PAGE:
Arlington, Va budget News

This just in from the county. Because property values have gone up,home owners will pay a bit more in taxes but the tax rate will not increase. I am sorry to see the Artisphere go. The Artisphere is an under appreciated, under attended venue that was never marketed well. I have seen some great exhibits and events there that no one has ever heard of. With the right marketing I think it could have been a money maker for the county.

Here’s the news release:

Arlington County Board: No Tax Rate Increase in CY 2015

Board marks-up FY 2016 Budget, final vote April 21
Collaborated with APS to fully fund Schools
Increasing public safety funding
Increasing economic development funding
Funding internal auditor
Maintaining social safety net, bike-pedestrian programs
The Arlington County Board today indicated it will not raise property tax rates for Calendar Year 2015 when it adopts the Fiscal Year 2016 Budget on Tuesday, April 21. All five Board members indicated during the final budget work session that they will vote for no tax rate increase.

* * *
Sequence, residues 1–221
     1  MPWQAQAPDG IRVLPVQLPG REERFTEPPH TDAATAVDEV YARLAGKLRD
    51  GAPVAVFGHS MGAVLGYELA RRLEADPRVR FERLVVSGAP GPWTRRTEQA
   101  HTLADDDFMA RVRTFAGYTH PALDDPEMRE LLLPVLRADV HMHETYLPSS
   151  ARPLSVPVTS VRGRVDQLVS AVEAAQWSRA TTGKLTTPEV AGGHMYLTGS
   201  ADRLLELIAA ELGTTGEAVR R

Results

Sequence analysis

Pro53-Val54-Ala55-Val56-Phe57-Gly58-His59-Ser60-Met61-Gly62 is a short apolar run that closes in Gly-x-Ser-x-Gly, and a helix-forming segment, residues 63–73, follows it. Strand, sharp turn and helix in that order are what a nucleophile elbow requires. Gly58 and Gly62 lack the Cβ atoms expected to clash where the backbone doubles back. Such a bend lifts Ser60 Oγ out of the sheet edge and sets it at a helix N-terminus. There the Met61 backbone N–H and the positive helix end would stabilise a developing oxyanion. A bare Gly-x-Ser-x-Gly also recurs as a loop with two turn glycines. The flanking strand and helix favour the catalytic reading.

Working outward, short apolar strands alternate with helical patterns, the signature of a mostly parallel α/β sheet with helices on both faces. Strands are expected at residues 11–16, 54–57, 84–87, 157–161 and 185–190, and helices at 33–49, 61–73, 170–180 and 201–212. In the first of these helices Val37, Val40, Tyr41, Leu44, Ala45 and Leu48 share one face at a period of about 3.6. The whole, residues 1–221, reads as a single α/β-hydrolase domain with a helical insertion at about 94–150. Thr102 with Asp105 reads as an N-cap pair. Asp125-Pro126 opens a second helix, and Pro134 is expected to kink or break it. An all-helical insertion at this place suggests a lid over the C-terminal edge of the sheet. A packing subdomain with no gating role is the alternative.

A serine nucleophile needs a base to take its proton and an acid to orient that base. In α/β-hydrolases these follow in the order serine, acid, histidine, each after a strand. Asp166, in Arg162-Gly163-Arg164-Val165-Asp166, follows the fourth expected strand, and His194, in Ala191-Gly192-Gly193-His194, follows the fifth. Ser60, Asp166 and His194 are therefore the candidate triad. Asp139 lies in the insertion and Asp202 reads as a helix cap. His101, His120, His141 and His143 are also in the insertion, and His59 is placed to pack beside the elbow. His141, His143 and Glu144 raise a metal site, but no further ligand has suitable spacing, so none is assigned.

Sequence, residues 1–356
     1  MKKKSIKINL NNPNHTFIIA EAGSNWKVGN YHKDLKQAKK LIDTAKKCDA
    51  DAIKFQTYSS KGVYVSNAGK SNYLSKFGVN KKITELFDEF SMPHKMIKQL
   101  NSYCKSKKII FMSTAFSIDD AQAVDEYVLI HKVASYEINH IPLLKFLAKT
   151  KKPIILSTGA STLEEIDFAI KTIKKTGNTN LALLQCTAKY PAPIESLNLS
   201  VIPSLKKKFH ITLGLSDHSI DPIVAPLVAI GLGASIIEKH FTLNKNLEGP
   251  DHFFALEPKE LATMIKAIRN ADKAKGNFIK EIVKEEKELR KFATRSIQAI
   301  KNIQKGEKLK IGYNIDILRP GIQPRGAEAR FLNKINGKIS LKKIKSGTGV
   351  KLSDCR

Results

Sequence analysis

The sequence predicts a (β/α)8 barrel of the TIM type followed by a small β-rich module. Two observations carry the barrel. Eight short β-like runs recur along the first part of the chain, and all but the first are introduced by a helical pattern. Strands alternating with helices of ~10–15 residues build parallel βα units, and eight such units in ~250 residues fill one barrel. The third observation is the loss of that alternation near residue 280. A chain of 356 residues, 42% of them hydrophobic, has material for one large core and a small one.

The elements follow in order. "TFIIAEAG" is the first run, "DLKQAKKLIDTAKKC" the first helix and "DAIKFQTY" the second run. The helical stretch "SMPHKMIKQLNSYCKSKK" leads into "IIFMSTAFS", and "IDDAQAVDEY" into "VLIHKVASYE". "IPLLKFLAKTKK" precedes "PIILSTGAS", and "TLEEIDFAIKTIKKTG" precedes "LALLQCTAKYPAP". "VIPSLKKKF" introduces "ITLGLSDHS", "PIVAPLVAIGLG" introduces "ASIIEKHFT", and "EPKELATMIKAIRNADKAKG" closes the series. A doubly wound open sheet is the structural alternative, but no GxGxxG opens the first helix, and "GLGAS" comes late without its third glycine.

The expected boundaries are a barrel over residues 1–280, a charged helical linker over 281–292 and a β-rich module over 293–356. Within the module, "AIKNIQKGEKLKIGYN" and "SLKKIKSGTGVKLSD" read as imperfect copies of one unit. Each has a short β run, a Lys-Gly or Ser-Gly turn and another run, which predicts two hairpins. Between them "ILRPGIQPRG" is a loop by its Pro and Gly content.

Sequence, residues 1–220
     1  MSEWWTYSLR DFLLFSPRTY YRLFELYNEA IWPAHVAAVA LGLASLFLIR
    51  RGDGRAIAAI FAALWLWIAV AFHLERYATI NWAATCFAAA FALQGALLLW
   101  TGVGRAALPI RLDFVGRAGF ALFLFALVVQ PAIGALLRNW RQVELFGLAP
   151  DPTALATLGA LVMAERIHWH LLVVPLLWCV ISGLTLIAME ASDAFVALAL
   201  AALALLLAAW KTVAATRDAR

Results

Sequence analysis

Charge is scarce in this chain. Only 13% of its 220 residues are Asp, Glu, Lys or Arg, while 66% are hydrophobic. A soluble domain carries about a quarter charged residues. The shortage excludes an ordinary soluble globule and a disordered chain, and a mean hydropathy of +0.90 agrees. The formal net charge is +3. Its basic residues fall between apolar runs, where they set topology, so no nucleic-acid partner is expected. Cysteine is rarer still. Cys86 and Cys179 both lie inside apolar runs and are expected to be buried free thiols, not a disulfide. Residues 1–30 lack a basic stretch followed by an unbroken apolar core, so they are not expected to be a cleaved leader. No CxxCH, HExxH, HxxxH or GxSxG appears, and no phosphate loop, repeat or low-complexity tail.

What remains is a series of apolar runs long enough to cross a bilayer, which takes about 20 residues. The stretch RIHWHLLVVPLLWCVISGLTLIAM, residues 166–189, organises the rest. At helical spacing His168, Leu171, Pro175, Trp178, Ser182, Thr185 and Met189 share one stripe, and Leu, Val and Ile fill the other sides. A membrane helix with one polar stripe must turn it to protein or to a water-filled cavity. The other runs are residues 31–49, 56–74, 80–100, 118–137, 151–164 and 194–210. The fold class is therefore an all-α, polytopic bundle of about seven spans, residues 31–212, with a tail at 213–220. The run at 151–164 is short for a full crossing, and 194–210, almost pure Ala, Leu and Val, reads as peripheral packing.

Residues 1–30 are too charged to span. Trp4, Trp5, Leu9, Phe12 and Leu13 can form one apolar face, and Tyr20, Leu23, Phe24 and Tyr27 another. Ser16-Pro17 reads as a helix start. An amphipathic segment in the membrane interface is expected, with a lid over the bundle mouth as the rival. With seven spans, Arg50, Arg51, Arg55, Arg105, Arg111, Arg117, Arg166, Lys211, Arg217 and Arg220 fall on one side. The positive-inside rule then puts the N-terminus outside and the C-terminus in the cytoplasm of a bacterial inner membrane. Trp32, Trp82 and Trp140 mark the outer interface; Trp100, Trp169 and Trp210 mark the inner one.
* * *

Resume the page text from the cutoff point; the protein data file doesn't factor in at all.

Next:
“By doing things smarter and more efficiently, and taking about $2.6 million in cuts, we have developed a balanced budget that preserves our community’s core values without raising the tax rate,” said Arlington County Board Chair Mary Hynes. “This budget fully funds Schools, maintains core services and the social safety net, values our employees by providing a modest step increase, and invests more in the critical areas of economic development and public safety. I am confident that next week, we will adopt a budget that continues this County’s long track record of wisely managing taxpayer money while making strategic investments in infrastructure and environmental and economic sustainability.”